Dig Diary – Monday, July 18, 2011
It hardly seems like a year ago since we bade you all farewell and here we are, back again, to further investigate the enigma that is the Ness of Brodgar.
Although the intervening period since we last “spoke” might seem to have been quiet, there is an ongoing process that really started the day after we left the site, last year.
Finds have to be sorted, catalogued and reboxed; samples analysised; residues from samples sorted; finds sent away to specialists for analysis; a detailed, technical report of last year’s excavation written; site plans digitalised; lectures given; strategies for this year’s dig agreed and, not least, the ongoing process of raising enough funds to enable us to dig on this unique site and reveal more of its secrets.
This is apart from the logistics of bringing this year’s excavation to this starting point – supervisors, students and volunteers to recruit; accommodation and transport to arrange; the mobilisation of a huge range of other resources – site huts, tools, finds hut materials, minibuses, toilets etc; the pre-numbering of several thousand finds bags (Neil and Rosemary McCance must, once again, be eternally thanked for undertaking this).
But it has all been worthwhile just to get to this stage and breathe a huge sigh of relief that here we are again – ready to partake in, what we all agree is, a very special excavation.
Even before we begin, the site continues to generate a huge amount of interest.
We will, once again, be visited by the BBC, with Neil Oliver to conclude their filming for a special, one-off programme, hopefully to be screened in the late autumn this year. National Geographic will also be continuing their presence on site, with an article planned to appear in their magazine next year.
Over the years, our strategy has developed and is also continually adapted to meet the demands of the excavation and adopt new techniques.
This year’s objectives include:
- Refinement of the site chronology, phasing and relationships between the various structures – this is obviously an ongoing process that may change as more evidence is revealed.
- Define the full extent of Structure Twelve, which was first uncovered last year.
- Define the full extent of Structure Eight – although the south end of this building has been severely robbed, and partly removed, by the later construction of Structure Ten, we hope to find more of it surviving at lower levels. Will it have four main side recesses, like Structure Twelve, or, as we suspect, perhaps six!
- Reveal and sample floor deposits in Structures One, Eight and Ten (this will include the use of a high tech gizmo – a portable XRF (X-ray fluorescence spectrometer) machine – to analysis variations in the chemical makeup of these deposits).
- Remove more of the collapse and infill of Structure Twelve (will this reveal a similar sequence to Structure Eight, with a collapsed slate roof and wall paintings?)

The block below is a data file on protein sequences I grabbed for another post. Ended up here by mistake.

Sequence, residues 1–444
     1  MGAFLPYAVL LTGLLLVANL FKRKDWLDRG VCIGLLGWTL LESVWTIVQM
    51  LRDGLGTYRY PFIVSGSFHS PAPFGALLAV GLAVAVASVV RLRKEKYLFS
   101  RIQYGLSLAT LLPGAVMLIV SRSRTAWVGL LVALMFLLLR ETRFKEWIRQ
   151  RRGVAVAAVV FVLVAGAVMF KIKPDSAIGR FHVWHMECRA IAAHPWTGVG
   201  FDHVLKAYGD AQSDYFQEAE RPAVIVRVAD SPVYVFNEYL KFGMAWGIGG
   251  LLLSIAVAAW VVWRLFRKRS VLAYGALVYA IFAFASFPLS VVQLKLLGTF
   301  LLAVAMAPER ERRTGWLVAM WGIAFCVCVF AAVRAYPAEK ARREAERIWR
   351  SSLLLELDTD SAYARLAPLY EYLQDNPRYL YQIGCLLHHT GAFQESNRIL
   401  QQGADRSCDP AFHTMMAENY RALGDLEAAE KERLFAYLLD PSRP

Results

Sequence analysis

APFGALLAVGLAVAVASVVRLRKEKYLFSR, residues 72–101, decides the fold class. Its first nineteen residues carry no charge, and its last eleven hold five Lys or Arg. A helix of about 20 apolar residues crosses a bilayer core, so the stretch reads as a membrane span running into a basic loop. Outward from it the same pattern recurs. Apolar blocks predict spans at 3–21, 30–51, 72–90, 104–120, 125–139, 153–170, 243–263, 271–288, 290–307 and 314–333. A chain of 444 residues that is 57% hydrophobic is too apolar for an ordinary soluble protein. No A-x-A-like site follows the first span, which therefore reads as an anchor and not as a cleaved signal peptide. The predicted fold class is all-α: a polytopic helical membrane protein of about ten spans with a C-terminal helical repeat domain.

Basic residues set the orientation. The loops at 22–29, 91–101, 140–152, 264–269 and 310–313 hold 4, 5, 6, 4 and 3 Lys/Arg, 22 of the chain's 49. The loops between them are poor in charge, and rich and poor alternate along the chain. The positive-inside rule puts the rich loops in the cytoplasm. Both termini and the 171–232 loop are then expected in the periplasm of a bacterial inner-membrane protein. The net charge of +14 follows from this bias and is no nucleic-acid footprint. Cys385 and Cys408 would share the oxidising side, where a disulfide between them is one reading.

And so here we are.
It’s always a relief, on the first day, to get started and to have everyone on site – some new faces and many old ones too.
Despite a forecast of rain for most of Britain, we are basking in glorious sunshine. It wouldn’t have been the Ness if we had to uncover the site in the rain – usually the gales and rain are kept to the last few days of excavation, when we have to cover the site again!
So the task of removing the covers, and the thousands of stones used to hold these covers in place over the winter, plus the several thousand sandbags used to support and protect the stonework has started.
As the walls of the buildings are slowly revealed again, expectations are high – what will the Ness reveal this year?
Will it be some new firsts for the site? Like the painted walls and stone tiled roofs discovered last year? Watch this space and we’re sure that you, like us, will not be disappointed.
And after a Herculean effort by the team effort today, all the protective covers and sandbags have been removed and the initial clean started – roll on tomorrow!
May we also take this opportunity to thank all of you who voted for the Ness of Brodgar in the Current Archaeology Awards earlier this year – we were very honoured to win the prestigious Research Project of the Year Award.
So do come and visit us, if you have a chance, and share in this amazing experience with our multi-national team. Guided tours start at 11am and 3pm from this Wednesday, July 20, and run, thereafter each day, from Monday to Friday.
Also keep an eye out in the press for:
- This year’s Excavation Club, with workshops, open to young people aged between 12 and 16, on July 26, and August 2, 9 and 16.
- Living Archaeology on the July 25 and 26, with re-enactments of Neolithic life and activities.
From the trenches
Hi, I’m Jennifer.
I live in Scone, near Perth, Scotland.
Helping, as a volunteer, on archaeological digs is what I do in the summer and any other time that I get a chance. I was here last year for one week and that simply wasn’t long enough – this is such an exciting site. So I’m here for a fortnight this year and next year, who knows…
Our first morning dawned warm and sunny, as promised by director Nick.
Apparently, the sun always shines on the first day at the Ness.
After introductions and the routine stuff, like going over the health and safety briefing, the diggers set to on removing the plastic protective sheeting and sandbags put in place at the end of last season.
As I type, Beedies, the timber buildings people, are busy putting up the Orkney Archaeological Society shop and it’s much bigger and better than last year’s one. When you visit, buy your postcards and momentoes here. But, be careful on the road as you approach. All this activity is a source of interest to passing motorists who brake and rubberneck and even take photos of us!